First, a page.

Taber family :: Genealogy
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Taber family

Journal by lola126

looking for more information about life of Thomas Taber born London 1763. who married Frances Medhurst.

Surnames: Tabor
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by lola126 Profile | Research | Contact | Subscribe | Block this user
on 2011-07-26 03:21:42

lola126 has been a Family Tree Circles member since Jan 2010. is researching the following names: ARROW.

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by janilye on 2011-07-27 23:48:01

Thomas TABER was born 10 May 1763 St.Sepulchre, London came to Australia as a reprieved convict on a conditional pardon. He was a teacher and parish clerk, was born on 10 May 1763 in London, he married Frances Sarah MEDHURST 1767-1849 in Hackney on the 12 January 1786.
He arrived in Sydney on 2 June 1797 on the ship 'Ganges' with his wife and three children, Deborah b: 2 May 1786. Frances Sarah b:21 September 1789 and Thomas b: 6 February 1792.
Two other children, James 1798-1872 and George 1800-1885, were born in the colony. There were 10 children in total but only these 5 survived.
Thomas was granted an absolute pardon in 1803.
Although a watch-finisher by trade he was immediately employed as a teacher at the school established in his church by Richard JOHNSON, and was an instant success. His consistent and satisfactory work won the appreciation of Johnson and an award of 10 a year from the Society for Propagation of the Gospel in Foreign Parts. After the church was burned down in October 1798, the school was conducted under very unsatisfactory conditions, first in the Court House and then in 'an old Store House, very cold and damp'. Taber carried on steadfastly and was rewarded with the additional position of parish clerk in 1800.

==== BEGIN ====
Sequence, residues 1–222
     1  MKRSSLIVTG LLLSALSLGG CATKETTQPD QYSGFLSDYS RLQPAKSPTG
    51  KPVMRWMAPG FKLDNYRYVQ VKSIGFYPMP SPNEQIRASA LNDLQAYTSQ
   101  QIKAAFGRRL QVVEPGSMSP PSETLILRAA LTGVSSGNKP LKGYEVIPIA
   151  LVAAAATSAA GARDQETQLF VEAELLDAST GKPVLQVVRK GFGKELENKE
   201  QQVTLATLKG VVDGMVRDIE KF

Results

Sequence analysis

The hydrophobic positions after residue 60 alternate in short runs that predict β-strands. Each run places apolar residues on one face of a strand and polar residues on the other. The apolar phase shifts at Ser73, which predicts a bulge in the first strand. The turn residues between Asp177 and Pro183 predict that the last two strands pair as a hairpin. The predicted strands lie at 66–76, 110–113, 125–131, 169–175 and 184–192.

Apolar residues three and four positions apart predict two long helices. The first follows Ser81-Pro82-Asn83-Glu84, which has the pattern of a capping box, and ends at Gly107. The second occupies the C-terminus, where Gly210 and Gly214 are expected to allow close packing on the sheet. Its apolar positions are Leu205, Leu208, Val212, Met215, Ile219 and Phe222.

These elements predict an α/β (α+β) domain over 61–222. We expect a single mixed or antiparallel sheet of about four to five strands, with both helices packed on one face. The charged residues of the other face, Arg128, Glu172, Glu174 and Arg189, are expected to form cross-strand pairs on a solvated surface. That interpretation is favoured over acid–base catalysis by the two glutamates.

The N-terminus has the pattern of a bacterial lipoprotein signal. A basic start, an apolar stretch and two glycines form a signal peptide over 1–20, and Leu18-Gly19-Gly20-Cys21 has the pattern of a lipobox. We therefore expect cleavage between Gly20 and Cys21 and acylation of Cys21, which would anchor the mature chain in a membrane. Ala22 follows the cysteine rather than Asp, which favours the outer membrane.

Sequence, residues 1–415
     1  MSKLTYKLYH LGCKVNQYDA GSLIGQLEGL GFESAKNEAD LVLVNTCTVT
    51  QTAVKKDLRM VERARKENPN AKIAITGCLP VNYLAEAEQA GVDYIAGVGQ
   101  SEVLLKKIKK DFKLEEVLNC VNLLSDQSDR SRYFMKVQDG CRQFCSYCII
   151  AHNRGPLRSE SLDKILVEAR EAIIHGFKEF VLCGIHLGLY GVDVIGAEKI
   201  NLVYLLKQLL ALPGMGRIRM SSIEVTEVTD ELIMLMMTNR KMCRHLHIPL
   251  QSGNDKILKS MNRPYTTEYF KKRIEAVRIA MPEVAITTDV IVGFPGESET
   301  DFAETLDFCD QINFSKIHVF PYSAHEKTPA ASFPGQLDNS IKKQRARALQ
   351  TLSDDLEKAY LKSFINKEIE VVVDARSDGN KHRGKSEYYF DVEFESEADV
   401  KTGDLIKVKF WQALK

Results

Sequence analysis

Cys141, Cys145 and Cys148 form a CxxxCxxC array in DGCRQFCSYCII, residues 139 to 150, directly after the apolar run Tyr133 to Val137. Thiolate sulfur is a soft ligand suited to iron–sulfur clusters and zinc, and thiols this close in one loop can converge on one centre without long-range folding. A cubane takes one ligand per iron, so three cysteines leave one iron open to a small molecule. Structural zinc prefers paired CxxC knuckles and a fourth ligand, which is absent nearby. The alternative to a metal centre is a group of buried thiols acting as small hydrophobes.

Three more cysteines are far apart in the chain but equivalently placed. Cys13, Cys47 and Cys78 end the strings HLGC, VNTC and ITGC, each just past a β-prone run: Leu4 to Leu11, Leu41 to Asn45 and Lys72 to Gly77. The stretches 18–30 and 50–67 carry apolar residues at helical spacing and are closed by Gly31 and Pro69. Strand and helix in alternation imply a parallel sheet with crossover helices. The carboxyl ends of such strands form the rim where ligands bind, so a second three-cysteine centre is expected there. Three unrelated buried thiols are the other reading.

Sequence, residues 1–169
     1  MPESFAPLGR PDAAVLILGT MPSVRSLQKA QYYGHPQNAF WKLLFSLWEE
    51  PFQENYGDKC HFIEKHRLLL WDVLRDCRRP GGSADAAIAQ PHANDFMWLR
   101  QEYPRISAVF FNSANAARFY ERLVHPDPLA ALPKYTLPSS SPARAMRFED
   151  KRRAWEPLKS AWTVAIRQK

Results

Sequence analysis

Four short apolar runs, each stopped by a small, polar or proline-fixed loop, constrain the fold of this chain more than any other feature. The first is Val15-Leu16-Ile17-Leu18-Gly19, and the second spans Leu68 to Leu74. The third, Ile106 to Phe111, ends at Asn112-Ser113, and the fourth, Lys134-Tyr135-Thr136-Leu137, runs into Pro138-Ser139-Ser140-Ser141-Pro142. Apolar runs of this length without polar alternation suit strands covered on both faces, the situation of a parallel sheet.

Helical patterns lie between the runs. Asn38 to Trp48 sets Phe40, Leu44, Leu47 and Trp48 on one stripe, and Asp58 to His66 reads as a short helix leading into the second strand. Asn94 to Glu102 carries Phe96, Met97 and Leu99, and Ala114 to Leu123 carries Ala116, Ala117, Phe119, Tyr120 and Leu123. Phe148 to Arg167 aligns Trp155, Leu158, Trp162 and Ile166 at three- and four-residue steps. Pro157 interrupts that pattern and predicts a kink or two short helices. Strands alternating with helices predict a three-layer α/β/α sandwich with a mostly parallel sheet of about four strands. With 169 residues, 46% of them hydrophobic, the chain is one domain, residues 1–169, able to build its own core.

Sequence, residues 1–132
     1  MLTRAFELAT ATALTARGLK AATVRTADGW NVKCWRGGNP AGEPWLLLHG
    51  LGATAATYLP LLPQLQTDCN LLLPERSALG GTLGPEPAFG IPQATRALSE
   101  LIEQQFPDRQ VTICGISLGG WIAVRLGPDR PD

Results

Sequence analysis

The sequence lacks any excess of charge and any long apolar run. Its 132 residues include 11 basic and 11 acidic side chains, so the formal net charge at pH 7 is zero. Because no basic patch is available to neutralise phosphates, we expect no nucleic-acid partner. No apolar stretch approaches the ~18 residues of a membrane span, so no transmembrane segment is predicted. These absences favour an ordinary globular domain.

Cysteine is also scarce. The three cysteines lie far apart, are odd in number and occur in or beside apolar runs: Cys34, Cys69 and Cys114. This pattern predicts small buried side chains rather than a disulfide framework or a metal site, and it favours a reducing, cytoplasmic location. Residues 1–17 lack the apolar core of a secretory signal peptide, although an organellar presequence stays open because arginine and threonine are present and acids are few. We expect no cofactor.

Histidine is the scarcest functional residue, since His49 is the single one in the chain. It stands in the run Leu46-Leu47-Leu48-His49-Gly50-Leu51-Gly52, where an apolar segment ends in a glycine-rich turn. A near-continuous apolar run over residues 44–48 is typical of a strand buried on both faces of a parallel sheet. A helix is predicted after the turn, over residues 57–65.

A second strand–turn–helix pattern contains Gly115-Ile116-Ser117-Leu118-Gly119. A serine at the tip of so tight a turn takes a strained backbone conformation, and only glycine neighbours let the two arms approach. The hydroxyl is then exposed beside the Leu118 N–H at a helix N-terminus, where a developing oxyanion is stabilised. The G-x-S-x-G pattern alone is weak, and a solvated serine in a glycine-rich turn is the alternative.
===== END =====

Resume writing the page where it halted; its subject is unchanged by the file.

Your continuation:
In 1802 he was transferred to Parramatta, but was back in Sydney in 1805. Taber reopened the school in rented premises; it was given some government assistance, but in every other way was a private school.
Governor Lachlan Macquarie gave the full status of government employees to teachers so this enabled Governor Sir Thomas Brisbane to grant Taber's request in 1824 to retire and to fix a pension for "your unremitting attention to your duty as schoolmaster in this colony upwards of twenty-five years" at 50 with an additional 20 for services as a parish clerk. Soon after, schools passed out of government control.
Taber was one of the very few teachers to draw a pension and did till he died on the 1 May 1842.
Thomas junior assisted his father and then was in charge of St Philip's Infant School for many years. Thomas senior and his sons James and George received grants of land near Liverpool and successfully pioneered the Menangle district.

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